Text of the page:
Jessye Norman, mezzo-soprano; Wolfram Christ, viola; Daniel Barenboim, piano [DG 449 633-2]

Published 1884.

These two extended songs are unique in Brahms’s output and are his only example of “vocal chamber music.”  They were published in part as a futile attempt to reconcile the troubled marriage of Joseph and Amalie Joachim.  The violinist, one of Brahms’s oldest friends, and his wife, a talented mezzo-soprano, had become irreparably estranged since 1880.  When Joachim had sought a divorce, a letter by Brahms to Amalie that appeared to take her side was presented in court, an event that almost destroyed the friendship, which never did fully recover.  While Amalie did perform the songs, it was never with Joseph as a violist.  The second song originated in 1864 and happier times, when the Joachims were expecting their first child, who was named after Brahms.  The composer had sent the couple the text and music to an “old German hymn,” which was the Christmas song “Josef, lieber Josef mein,” a lullaby Mary sings to the baby Jesus, set to the even older chant melody “Resonet in laudibus.”  Brahms then used the hymn tune as the basis for a song setting Geibel’s translation of Lope de Vega’s 16th-century “Cantarcillo de la Virgen,” another Mary/Jesus lullaby.  The juxtaposition, with the old melody providing a continual connecting thread, produced an excellent, multi-layered song.  The viola is on an equal level with the singer, who must be an alto, the voice type that most matches this instrument.  In 1884, Brahms revised the lullaby and paired it with another song for the same combination, the incredibly gorgeous setting of an evocative nature poem by Friedrich Rückert.  Both songs are lengthy, but they also include much large-scale repetition of material.  The poetry in both is amplified by the sensitive sonic combination.  They are rightly held up as two of the composer’s greatest songs.  The “Geistliches Wiegenlied” is Brahms’s third great vocal lullaby, after the ubiquitous Op. 49, No. 4 and No. 9 from the “Magelone” Romances, Op. 33.

Note: Links to English translations of the texts are from Emily Ezusts site at  For the most part, the translations are line-by-line, except where the difference between German and English syntax requires slight alterations to the contents of certain lines.  The German texts (included here) are also visible in the translation links.  A link to the original Spanish text for No. 2 is also provided, along with a direct English translation of that text.  The text of the old German Christmas hymn, which was published under the viola line at the beginning of No. 2, is not sung.  The translation is my own.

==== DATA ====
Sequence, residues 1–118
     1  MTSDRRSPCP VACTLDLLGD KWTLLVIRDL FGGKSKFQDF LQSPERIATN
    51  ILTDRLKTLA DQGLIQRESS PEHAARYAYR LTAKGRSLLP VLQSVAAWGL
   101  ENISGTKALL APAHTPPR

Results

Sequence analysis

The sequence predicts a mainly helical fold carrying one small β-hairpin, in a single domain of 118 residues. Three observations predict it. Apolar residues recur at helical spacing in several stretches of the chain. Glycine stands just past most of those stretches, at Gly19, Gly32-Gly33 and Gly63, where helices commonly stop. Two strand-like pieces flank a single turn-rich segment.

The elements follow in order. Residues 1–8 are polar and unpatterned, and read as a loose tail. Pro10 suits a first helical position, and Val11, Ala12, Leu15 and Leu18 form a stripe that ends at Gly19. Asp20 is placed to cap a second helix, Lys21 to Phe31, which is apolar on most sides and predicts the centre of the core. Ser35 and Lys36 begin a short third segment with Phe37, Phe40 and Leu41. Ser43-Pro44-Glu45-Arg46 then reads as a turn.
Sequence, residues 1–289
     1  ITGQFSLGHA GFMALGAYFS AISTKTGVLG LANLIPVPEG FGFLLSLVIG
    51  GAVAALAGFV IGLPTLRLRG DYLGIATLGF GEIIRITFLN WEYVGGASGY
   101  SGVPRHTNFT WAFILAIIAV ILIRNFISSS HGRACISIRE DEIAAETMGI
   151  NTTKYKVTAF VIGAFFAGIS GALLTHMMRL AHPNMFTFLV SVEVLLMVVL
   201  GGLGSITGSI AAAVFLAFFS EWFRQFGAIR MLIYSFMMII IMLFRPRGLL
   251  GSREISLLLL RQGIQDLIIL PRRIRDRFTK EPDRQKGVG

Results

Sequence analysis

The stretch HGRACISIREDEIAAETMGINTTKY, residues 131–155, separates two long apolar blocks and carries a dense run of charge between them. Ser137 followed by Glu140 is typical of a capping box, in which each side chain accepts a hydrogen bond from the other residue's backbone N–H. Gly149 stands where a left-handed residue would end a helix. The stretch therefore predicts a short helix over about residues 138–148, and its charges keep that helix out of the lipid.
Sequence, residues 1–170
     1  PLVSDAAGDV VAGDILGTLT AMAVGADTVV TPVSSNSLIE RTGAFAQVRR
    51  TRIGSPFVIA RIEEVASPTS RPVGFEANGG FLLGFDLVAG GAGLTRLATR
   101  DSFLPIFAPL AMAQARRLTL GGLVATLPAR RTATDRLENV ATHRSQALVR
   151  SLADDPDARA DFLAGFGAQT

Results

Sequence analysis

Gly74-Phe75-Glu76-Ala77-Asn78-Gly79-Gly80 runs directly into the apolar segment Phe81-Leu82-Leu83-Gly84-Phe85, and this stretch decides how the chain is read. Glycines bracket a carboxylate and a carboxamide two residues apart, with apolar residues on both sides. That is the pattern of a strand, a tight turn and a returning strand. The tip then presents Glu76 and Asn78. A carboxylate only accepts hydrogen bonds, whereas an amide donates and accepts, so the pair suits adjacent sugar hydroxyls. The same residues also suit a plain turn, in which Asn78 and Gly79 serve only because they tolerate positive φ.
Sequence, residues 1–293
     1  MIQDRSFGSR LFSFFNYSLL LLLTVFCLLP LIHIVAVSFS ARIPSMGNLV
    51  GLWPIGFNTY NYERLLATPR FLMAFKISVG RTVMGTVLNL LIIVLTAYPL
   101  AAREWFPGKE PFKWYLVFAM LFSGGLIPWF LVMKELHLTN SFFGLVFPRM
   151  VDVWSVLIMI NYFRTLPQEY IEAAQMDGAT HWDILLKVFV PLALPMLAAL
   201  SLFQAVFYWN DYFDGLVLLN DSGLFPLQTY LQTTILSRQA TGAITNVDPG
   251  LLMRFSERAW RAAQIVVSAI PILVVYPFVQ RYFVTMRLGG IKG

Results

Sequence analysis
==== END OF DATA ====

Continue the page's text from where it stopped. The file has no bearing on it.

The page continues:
ONLINE SCORE FROM IMSLP (First Edition from Brahms-Institut Lübeck)
ONILNE SCORE FROM IMSLP (From Breitkopf & Härtel Sämtliche Werke)
NOTE: These songs were not included in the four-volume Peters Edition edited by Max Friedländer.

1. Gestillte Sehnsucht (Stilled Longing).  Text by Friedrich Rückert.  Adagio espressivo.  ABA (ternary) form with large introduction.  D MAJOR, 2/4 time.

German Text:
In gold’nen Abendschein getauchet,
Wie feierlich die Wälder stehn!
In leise Stimmen der Vöglein hauchet
Des Abendwindes leises Weh’n.
Was lispeln die Winde, die Vögelein?
Sie lispeln die Welt in Schlummer ein.

Ihr Wünsche, die ihr stets euch reget
Im Herzen sonder Rast und Ruh!
Du Sehnen, das die Brust beweget,
Wann ruhest du, wann schlummerst du?
Beim Lispeln der Winde, der Vögelein,
Ihr sehnenden Wünsche, wann schlaft ihr ein?

[Here a stanza not set by Brahms]

Ach, wenn nicht mehr in gold’ne Fernen
Mein Geist auf Traumgefieder eilt,
Nicht mehr an ewig fernen Sternen
Mit sehnendem Blick mein Auge weilt;
Dann lispeln die Winde, die Vögelein
Mit meinem Sehnen mein Leben ein.

English Translation

0:00 [m. 1]--Introduction.  The lengthy introduction is devoted to the viola’s presentation of the melody that will be used for the last two lines of each stanza.  Beginning on a half-measure upbeat, the piano’s low bass D is followed by the mildly syncopated entry of the viola.  As the gentle melody is spun out, the piano plays descending arpeggios in groups of six notes to a beat (sextuplets or triplet sixteenth notes).  The viola melody has a distinctive chromatic color note (E-sharp) in the second full measure.  The top notes of each piano arpeggio are given gentle emphasis.
0:20 [m. 5]--The piano arpeggios reverse their general direction, and a secondary melody is added above them.  The viola adopts a pattern of long notes followed by angular patterns for two measures.  There is then a swelling and receding on the angular patterns as the piano abandons the secondary melody and increases the scope of its now ascending arpeggios.
0:36 [m. 9]--Both instruments begin to recede and settle down.  The piano introduces breaks in its arpeggios for the first time.  The viola’s groups of three ascending notes mildly disrupt the meter.  The piano arpeggios drop out, leaving the viola, on a gentle descent, to lead into the vocal entry.